All Choked Up

Rufus - this little (ok, not so little anymore) guy almost gave me a HEART ATTACK!  Photo by Lorraine Peachey Rufus - this little (ok, not so little anymore) guy almost gave me a HEART ATTACK! Photo by Lorraine Peachey

The Fourth of July is one of those completely awesome holidays, in my humble opinion. It’s a time when I like to think about all the individuals who suffered hardships and lost their lives when they stood up to defend the United States of America. My chosen barn colors are red, white and blue, because I hold all things stars and stripes dearly. Heck, one of my horses was even born on July 4th (Happy Birthday Mark!)…how much more patriotic than that can you get?

Sure, the fireworks and picnics are great, but let’s make sure to remember the meaning behind this particular day. This Fourth though, my day started out with a dose of complete and utter terror, when I had my very first experience with choke. Let’s rewind to this morning, shall we?

So I’ve been around horses long enough to know that there are more strange and obscure maladies than I can keep track of. Many injuries and illnesses are only ones that I become familiar with if my own horses, or horses belonging to someone that I know suffer from.

This morning when I went down to the barn to feed my three geldings, everything seemed normal. I was greeted by a chorus of nickers, and proceeded to give everyone their breakfast, and then start cleaning stalls while they ate. After a minute or two, I noticed my youngest gelding, Rufus, seemed to be acting a little weird…and here’s where the morning started to go from normal to slightly disturbing.

Rufus stopped eating his grain, and started to paw very violently at the floor of his stall–which was weird since he LOVES his grain. He then started to put out his front legs and stretch; I like to call this his “downwards horse” pose, which he normally does once in the mornings. But not while he is trying to eat his grain. During the next 5-10 minutes, Rufus started to circle his stall, shake his head, and slam his body into the stall wall…all while pausing to paw some more or repeat the “downwards horse” pose.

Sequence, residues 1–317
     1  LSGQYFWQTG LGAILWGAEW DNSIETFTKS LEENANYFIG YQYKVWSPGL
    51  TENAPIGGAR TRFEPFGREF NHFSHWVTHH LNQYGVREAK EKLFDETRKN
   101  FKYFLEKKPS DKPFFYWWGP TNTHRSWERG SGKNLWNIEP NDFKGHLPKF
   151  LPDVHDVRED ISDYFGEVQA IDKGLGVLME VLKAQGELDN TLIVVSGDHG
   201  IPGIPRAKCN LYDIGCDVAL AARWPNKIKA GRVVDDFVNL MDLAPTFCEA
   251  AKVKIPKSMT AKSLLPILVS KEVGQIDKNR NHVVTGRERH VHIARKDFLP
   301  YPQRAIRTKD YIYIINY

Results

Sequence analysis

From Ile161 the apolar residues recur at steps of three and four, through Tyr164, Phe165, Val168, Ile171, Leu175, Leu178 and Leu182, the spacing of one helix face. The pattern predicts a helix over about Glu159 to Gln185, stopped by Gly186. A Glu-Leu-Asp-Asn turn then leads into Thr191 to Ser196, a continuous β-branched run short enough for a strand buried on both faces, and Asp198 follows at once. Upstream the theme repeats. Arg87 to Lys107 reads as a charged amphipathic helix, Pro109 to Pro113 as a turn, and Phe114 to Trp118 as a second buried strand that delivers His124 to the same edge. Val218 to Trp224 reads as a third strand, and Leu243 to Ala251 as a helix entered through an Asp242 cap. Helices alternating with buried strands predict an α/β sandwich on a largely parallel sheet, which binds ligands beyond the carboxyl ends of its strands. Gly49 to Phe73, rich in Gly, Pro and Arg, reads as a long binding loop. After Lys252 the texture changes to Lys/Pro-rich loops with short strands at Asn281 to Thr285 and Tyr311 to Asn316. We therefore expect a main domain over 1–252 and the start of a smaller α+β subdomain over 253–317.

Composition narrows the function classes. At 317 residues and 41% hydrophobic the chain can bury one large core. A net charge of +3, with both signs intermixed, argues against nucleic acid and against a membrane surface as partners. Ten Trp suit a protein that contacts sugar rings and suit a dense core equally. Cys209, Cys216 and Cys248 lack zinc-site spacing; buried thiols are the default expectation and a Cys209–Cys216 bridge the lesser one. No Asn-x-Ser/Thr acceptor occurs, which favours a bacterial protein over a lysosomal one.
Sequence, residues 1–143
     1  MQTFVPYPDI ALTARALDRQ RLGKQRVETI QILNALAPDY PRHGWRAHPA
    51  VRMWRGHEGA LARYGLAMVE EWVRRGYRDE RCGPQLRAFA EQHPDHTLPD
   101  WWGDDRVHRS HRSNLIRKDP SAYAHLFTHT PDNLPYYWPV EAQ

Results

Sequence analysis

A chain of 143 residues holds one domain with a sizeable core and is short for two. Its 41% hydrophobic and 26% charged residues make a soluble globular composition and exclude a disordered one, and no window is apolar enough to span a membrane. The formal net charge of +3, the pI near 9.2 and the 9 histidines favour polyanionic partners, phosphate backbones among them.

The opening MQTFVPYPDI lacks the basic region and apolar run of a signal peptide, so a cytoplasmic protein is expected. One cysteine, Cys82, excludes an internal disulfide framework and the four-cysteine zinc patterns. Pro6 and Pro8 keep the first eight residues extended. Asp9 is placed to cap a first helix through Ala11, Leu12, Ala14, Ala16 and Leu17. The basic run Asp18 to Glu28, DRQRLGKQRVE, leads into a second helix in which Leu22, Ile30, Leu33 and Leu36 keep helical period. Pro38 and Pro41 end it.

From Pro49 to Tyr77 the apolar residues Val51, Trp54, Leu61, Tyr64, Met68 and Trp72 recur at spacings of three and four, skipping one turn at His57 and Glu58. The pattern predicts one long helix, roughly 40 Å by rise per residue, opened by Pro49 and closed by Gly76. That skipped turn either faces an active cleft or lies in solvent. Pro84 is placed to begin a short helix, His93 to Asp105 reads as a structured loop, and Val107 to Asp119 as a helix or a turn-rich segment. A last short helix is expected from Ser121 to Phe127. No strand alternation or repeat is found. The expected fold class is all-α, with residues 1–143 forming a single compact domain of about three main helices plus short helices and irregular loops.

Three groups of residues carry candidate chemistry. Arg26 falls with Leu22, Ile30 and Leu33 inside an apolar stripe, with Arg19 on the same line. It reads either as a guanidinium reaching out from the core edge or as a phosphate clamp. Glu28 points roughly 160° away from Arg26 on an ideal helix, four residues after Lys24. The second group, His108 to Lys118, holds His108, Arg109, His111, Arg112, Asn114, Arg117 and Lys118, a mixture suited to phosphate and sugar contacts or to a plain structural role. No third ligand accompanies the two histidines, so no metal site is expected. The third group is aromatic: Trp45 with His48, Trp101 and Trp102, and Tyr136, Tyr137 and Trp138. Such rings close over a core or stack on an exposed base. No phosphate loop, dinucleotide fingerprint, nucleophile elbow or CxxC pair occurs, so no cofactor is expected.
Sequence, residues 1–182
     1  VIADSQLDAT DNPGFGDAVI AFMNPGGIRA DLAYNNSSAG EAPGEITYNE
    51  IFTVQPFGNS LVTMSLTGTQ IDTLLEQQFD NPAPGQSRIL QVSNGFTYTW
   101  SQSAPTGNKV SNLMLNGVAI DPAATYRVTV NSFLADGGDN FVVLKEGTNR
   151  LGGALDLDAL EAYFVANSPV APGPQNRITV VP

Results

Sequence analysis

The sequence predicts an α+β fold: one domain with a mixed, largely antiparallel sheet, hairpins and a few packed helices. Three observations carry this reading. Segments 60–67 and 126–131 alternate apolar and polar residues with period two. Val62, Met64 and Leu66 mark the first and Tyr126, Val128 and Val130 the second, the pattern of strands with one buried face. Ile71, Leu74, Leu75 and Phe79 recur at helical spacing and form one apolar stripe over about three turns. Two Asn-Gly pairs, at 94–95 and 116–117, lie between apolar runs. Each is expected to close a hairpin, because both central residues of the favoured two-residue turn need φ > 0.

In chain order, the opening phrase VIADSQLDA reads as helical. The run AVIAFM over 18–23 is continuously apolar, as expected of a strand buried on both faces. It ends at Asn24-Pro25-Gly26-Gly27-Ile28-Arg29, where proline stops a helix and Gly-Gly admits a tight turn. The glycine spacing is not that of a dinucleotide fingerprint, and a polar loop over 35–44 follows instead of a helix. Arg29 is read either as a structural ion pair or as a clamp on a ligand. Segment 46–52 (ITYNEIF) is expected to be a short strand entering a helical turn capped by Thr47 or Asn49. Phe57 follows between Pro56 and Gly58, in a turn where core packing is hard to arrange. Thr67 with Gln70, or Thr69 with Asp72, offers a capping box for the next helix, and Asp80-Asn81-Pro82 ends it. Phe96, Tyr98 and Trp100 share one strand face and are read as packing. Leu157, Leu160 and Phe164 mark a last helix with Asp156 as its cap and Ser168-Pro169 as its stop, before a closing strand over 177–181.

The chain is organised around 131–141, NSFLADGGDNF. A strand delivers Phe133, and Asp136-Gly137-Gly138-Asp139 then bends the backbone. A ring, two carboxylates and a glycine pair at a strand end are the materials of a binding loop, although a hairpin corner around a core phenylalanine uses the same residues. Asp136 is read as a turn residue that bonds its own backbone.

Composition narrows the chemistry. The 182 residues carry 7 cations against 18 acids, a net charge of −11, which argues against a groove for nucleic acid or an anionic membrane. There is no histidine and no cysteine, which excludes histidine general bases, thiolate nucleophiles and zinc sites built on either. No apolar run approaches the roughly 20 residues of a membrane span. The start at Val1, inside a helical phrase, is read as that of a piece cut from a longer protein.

I was absolutely beside myself, because the first thought that came to my mind was the “c” word. You know the one that I’m talking about. The word that horse folk never like to mention, but always worry about. I was pretty sure that I was standing and watching my young, promising baby boy start with an onset of colic. He ate all of his hay from overnight, and there was plenty or manure…but I couldn’t think of what else the symptoms would point to.

I pulled him out of his stall and started walking him around the paddock to keep him moving. But, Rufus wanted to keep stopping to paw. And paw. And paw some more. Uh oh. I stopped him to try to check his gut sounds, but he just kept pawing.

It got to the point where I decided that I needed to call and speak with the on-call vet at the practice that I use. I paused to take Roo’s temperature, as I always like to have my full bearings on the situation before speaking with a vet. My sister held Rufus while I checked, and rubbed his neck to try to keep him quiet. And interestingly enough, he stopped pawing and became eerily calm.

Roo’s temperature was normal, and my sister returned him to his stall as I called into the answering service for our vet’s office. When Rufus was put back in his stall, he was acting completely normal. He walked back and polished off his grain, paused to sip down some of his fresh water, and then started eating the hay I put in his stall.

I was absolutely baffled. About that time, my cell started ringing and I got a chance to speak with the on-call vet about the symptoms that I had just witnessed with Rufus. When I finished recounting the events, the vet told me that it sounded like Rufus has gotten choke while eating his grain – she said that this is a condition that can be brought about when younger horses are excited and eat too fast without chewing their food, or in older horses with bad teeth.

Once the word choke was mentioned, things really started to add up in my mind. The on-call told me that choke is often mistaken for colic (check) and can be very disturbing to watch (double check). She mentioned that while a horse can still breathe, they basically have a lump of food stuck in their throat – usually it can pass on it’s own, but sometimes the horse needs the assistance of a vet.

Thankfully, it seemed that Rufus passed his case of choke pretty quickly. I told my sister that perhaps her rubbing his neck helped. In any case, my ‘oh crap’ moment of the day was when I stood completely terrified that my Rufus was starting to colic.

In my 17 years around horses, I have never seen a case of choke before today. Now that I have, I can add it to my mental catalog of equine maladies. It was, without a doubt, a terrifying experience. But now I am familiar with it’s symptoms, so that I can hopefully recognize choke if I ever have the misfortune of seeing it again.

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